We agree with the magistrate judge that the affidavit did contain enough evidence to establish probable cause to search Otero's apartment. First, much of the information in the affidavit was based on Woods' firsthand observations. Carlton's affidavit set forth Woods' post-arrest statement that he had obtained the cocaine that morning from Otero at Otero's apartment.
Moreover, even if probable cause was lacking, Otero has failed to meet his burden of demonstrating that the goodfaith exception of United States v. Leon, 468 U.S. 897, 104 S.Ct. 3405, 82 L.Ed.2d 677 (1984), should not apply here. In Leon, the Supreme Court held that evidence seized pursuant to a subsequently invalidated search warrant need not be suppressed if the officers relied in good faith on the magistrate judge's issuance of the warrant. Leon, 468 U.S. at 924, 104 S.Ct. 3430. An officer's decision to obtain a warrant is prima facie evidence that he or she was acting in good faith. United States v. Mykytiuk, 402 F.3d 773, 777 (7th Cir.2005). A defendant can rebut the presumption of good faith only by showing that the judge issuing the warrant abandoned his/her detached and neutral role, the officers were dishonest or reckless in preparing the affidavit, or the warrant was so lacking in probable cause as to render the officer's belief in its existence entirely unreasonable. Peck, 317 F.3d at 757; Leon, 468 U.S. at 923, 104 S.Ct. 3430.
Otero does not suggest that the magistrate judge simply rubber-stamped the application in issuing the search warrant. Instead, he argues that Carlton could not have harbored an objectively reasonable
Although Woods told Carlton that he would not travel to Wisconsin to deliver the cocaine due to his November 16 run-in with the Kenosha police, he did not tell Carlton that he would never travel to Kenosha for any reason. Woods' pre-arrest statements did not preclude the possibility of him traveling to Kenosha the morning of November 19 to pick up cocaine from Otero, and, after his arrest, that is precisely what Woods told Carlton he had done. Carlton had no reason to believe that Woods was being untruthful when he identified Otero as his supplier and there is no evidence in the record to suggest that Carlton knew that Woods' statement was false when the warrant was issued. The warrant was obtained and relied upon in good faith.
Otero also asserts that the district court erred in determining his sentence. Otero was convicted of both conspiracy to distribute at least 500 grams of cocaine (count one) and maintaining a drug-trafficking place (count three). The district court sentenced Otero to 300 months' imprisonment as to each count, with the sentences to run concurrently. Under 21 U.S.C. § 856(b), any person who violates § 856(a) shall be sentenced to a term of imprisonment not more than twenty years. Given the statutory maximum, the district court erred in sentencing Otero to a term of imprisonment exceeding twenty years on count three. We vacate Otero's sentence as to count three and remand for re-sentencing on this count.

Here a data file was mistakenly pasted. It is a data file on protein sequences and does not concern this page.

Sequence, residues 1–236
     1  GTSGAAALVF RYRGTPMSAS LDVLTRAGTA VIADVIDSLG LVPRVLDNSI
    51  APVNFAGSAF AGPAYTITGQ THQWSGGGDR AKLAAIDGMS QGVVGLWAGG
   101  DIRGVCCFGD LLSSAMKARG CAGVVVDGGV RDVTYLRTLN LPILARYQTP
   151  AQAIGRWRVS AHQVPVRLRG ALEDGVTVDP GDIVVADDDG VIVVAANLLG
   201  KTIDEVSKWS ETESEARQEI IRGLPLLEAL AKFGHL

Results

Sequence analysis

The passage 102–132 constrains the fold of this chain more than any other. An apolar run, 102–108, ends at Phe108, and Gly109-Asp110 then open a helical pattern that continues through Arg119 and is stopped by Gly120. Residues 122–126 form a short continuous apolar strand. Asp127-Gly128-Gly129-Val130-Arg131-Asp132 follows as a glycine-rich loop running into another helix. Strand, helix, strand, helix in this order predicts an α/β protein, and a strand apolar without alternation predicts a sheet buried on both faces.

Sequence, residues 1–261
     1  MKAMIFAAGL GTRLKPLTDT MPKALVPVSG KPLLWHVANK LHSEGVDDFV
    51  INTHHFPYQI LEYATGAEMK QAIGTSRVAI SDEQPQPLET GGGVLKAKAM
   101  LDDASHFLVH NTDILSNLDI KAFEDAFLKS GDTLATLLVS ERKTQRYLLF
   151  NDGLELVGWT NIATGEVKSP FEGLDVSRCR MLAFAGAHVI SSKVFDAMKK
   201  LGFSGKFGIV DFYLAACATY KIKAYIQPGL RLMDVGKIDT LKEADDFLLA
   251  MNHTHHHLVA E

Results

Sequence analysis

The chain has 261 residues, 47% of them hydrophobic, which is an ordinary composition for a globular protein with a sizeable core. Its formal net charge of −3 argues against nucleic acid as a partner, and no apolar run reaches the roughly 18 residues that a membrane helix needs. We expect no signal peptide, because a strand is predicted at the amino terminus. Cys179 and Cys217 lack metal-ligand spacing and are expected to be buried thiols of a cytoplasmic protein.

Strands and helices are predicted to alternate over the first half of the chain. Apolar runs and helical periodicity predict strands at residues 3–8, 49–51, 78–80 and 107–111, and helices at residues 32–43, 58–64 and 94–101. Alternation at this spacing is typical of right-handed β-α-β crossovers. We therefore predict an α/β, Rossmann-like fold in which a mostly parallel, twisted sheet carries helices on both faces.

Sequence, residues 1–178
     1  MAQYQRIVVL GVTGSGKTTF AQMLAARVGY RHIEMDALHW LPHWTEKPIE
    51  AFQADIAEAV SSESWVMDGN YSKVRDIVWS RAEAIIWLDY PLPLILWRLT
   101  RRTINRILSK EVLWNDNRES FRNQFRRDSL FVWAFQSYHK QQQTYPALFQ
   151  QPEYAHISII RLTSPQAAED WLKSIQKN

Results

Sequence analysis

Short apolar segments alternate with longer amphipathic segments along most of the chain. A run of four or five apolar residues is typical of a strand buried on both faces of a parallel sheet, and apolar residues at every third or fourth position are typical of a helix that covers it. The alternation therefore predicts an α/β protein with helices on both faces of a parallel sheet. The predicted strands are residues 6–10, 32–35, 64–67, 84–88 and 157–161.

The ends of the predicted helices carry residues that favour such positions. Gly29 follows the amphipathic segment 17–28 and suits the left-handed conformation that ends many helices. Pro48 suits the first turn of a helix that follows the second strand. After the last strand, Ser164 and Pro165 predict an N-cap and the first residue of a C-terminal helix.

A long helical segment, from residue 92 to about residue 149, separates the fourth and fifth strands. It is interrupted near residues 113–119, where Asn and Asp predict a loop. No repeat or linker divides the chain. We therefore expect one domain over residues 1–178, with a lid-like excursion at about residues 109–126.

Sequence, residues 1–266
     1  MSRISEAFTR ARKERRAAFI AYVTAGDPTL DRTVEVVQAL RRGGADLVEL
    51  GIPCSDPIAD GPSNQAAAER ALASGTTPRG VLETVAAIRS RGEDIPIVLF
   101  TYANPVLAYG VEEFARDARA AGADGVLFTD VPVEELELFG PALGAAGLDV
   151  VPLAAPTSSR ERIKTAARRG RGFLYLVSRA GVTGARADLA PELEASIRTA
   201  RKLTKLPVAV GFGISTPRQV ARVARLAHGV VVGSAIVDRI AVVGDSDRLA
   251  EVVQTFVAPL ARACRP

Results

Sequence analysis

Woods begins his appeal by arguing that it was error for the district court to give a jury instruction that only required the government to prove by a preponderance of the evidence that venue existed in the Eastern District of Wisconsin. He argues that "[t]he Seventh Circuit employs a standard of beyond a reasonable doubt in proving venue." In United States v. Canino, 949 F.2d 928 (7th Cir.1991), we rejected a similar argument and reiterated that "the law of this circuit is that venue is shown by a preponderance of the evidence, which may include inferences drawn from circumstantial evidence." Canino, 949 F.2d at 942 (citations omitted). The district court's venue instruction was correct.
After the conviction, the probation officer prepared Woods' pre-sentence report ("PSR"). Because the PSR characterized Woods as a career offender, his base offense level increased from 24 to 34 and he received a criminal history category of VI. This resulted in a sentencing range of 262 to 327 months of imprisonment. Woods filed two objections to the PSR, arguing that he was entitled to an adjustment for acceptance of responsibility and that he was not a career offender.
Before Woods' sentencing hearing, Sean Smoker, a federal inmate and con artist serving a sentence for fraudulent use of a social security number, sent a letter to his own sentencing judge claiming that Woods had threatened the life of a federal prosecutor.
At sentencing, the district court rejected Woods' objections and found that the sentencing range calculated in the PSR was correct. In assessing Woods' history and characteristics, the district court took into consideration the information provided by Smoker. The district court concluded that the seriousness of the offense and the history and characteristics of Woods warranted a term of 300 months' imprisonment. Woods now argues that the district court erred in denying him acceptance of responsibility and in determining that he qualified as a career offender. He also contends that the court abused its discretion in considering the hearsay evidence from Smoker in assessing Woods' history and characteristics and that his background and his role in the offense did not justify his sentence.